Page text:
# Chapter 11: Parametric Equations and Polar Coordinates - Section 11.3 - Polar Coordinates - Exercises 11.3 - Page 663: 68

a) $r=a \sec \theta$ b) $r=b \csc \theta$

#### Work Step by Step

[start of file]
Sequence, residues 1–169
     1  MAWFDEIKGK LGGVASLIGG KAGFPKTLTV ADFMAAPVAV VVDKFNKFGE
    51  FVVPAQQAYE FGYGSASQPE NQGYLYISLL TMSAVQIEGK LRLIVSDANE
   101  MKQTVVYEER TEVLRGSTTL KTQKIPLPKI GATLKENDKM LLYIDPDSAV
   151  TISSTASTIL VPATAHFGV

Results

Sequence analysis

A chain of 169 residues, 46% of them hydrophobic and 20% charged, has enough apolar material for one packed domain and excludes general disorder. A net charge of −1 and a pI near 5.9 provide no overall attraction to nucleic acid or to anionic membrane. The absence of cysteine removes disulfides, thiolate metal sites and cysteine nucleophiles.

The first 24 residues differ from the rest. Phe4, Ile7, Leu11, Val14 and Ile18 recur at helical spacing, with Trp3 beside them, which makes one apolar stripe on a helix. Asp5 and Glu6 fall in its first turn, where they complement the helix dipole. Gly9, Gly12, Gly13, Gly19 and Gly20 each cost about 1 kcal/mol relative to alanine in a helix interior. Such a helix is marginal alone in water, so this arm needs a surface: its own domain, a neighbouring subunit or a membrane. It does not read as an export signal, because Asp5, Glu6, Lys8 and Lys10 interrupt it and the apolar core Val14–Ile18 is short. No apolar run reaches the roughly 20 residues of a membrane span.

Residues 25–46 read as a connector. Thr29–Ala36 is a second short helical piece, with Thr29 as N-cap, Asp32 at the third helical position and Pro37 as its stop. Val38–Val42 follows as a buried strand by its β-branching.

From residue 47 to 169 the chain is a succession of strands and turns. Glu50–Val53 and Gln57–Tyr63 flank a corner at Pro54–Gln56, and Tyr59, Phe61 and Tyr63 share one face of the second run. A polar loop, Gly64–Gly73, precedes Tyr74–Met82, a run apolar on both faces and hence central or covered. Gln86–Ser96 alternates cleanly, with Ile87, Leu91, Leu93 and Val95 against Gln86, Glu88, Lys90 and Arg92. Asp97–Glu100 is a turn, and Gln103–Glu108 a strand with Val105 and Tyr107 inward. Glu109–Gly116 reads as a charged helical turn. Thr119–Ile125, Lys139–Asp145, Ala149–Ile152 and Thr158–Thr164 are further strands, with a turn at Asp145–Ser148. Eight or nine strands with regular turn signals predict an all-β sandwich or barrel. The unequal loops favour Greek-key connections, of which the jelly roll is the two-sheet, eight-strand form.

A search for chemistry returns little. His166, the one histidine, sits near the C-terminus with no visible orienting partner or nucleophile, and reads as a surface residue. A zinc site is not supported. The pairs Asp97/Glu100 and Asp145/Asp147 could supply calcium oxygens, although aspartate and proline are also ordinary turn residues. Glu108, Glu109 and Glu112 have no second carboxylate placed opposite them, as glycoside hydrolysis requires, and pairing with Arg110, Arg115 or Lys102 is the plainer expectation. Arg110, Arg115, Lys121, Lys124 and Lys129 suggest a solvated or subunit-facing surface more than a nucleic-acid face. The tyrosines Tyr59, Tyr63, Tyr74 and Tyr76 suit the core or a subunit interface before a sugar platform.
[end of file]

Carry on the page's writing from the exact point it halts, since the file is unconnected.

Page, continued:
a) Conversion of polar coordinates and Cartesian coordinates are as follows: 1. $r^2=x^2+y^2 \implies r=\sqrt {x^2+y^2}$ 2. $\tan \theta =\dfrac{y}{x}$ or, $\theta =\tan^{-1} (\dfrac{y}{x})$ 3. $x=r \cos \theta$ and 4.$y=r \sin \theta$ Every vertical line in the xy-plane has the form of $x=a$ This means that $r \cos \theta=a$ Thus, the polar equation can be rearranged as: $r=a \sec \theta$ b) Since, we have $x=r \cos \theta$ and $y=r \sin \theta$ and $r^2=x^2+y^2 \implies r=\sqrt {x^2+y^2}$ Every horizontal line in the $xy$-plane has the form of $y=b$ This means that $r \sin \theta=b$ Thus, the polar equation can be rearranged as: $r=b \csc \theta$

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